The industry is predicting monumental growth for satellite-enabled M2M over the next 10 years. In the near term, 2015 will be a pivotal year in the evolution of satellite’s role in M2M.
One of several key factors shaping trends in satellite-enabled M2M includes the rise of Original Equipment Manufacturer (OEM) customers as a driver for satellite connectivity for asset tracking and telemetry applications. The fleet management market’s desire to integrate satellite into existing cellular-enabled telematics solutions is another driver of growth. What’s more, developments in 2014 have charted a path to lower the barrier to easily add satellite connectivity in 2015, enabling higher value M2M applications, and global coverage.
In the longer term, upcoming next-generation satellite networks will offer increased bandwidth, while evolving satellite M2M services to resemble cellular IP-based services. Satellite provides the ultimate wide area network (WAN), covering the more than 80 percent of the Earth’s surface not covered by cellular.
What are some of the industries and applications that satellite M2M is powering? Here are just a few of the many M2M use examples:
• In the Oil and Gas industry, satellite-connected sensors on oil and gas wells transmit information about production rates and operational parameters.
• Fleets of trucks that move assets around the world use satellite-connected transceivers to connect to solutions that verbally coach drivers on improving efficiency in remote areas as well as providing security monitoring for the cargo. The produce that is in your local grocery store may have had its temperature monitored for freshness via satellite on part of its journey from the farm to the store.
• Workers in the logging industry use satellite-connected two-way devices for personal communication and safety, like transmitting SOS alerts.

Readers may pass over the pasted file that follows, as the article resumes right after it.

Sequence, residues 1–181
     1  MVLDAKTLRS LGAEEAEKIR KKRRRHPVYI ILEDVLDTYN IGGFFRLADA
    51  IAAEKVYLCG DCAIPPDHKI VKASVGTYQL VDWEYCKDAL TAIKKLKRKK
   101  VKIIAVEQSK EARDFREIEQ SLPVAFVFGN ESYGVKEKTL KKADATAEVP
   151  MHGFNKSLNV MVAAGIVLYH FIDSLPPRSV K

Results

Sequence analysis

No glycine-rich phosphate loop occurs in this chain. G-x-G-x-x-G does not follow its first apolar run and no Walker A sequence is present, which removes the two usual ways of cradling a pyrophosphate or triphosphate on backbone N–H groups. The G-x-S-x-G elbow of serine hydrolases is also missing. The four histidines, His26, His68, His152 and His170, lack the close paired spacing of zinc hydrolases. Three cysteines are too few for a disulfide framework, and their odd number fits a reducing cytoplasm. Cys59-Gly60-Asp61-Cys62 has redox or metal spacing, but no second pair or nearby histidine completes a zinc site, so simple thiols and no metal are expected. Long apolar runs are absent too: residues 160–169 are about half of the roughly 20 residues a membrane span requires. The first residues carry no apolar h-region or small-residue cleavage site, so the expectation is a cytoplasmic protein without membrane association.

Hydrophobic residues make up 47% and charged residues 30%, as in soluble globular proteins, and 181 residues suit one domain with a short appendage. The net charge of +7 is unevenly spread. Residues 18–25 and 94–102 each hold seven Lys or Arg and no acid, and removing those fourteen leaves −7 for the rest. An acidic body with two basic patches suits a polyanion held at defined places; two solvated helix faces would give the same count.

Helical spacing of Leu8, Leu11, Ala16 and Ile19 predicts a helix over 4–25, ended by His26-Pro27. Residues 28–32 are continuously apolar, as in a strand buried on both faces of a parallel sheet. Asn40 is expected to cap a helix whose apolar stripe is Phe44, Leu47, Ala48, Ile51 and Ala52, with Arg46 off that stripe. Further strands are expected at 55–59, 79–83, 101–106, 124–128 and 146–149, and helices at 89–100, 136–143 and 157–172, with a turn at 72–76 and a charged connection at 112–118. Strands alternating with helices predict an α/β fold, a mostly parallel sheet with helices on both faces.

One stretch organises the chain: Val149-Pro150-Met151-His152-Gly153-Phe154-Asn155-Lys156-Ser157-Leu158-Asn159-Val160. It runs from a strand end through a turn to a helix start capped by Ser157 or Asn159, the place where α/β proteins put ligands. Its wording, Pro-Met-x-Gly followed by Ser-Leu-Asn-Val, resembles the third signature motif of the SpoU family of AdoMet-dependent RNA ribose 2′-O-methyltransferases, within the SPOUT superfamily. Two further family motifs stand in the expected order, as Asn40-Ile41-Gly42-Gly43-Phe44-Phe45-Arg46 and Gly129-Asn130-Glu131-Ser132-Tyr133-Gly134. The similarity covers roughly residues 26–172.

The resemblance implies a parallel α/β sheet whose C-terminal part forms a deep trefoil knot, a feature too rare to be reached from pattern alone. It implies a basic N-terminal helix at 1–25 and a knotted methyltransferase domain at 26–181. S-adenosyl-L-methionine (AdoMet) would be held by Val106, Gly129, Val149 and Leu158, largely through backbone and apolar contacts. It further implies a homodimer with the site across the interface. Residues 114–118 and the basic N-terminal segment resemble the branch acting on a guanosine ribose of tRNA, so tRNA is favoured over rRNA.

• Heavy equipment, such as Earth-moving bulldozers, use satellite connectivity to monitor and transmit vehicle diagnostics in remote areas beyond the reach of cellular.
As emerging markets continue to seed demand for infrastructure building and other industrial development, OEMs need ubiquitous and reliable connectivity to support their products and services—not just the large OEMs, but also the smaller ones are realizing the potential of M2M by integrating satellite connectivity options. Applications range from tracking where something is located to more advanced telemetry and diagnostics to monitor the performance and condition of equipment.
The need for this type of intelligent data doesn’t end at the boundaries of cellular coverage. Satellite connectivity plays an important role in enabling businesses to manage their operations more efficiently, wherever they are on the Earth. Satellite enables the customer to derive the full benefits of M2M even when a cellular connection is not available.
Fleet management solutions depend on reliable two-way communications for logistics. Moreover, the logistics are in a context of ever-changing business needs: The particulars of a transport might change between a truck leaving its depot in an area with cellular coverage and arriving at its destination outside of cellular coverage. Therefore, constant connectivity is imperative for enabling maximum return on investment. Many telematics providers already offer solutions that have cellular connectivity, and they want to be able to add satellite connectivity to their existing solutions rather than building a new solution from the ground-up.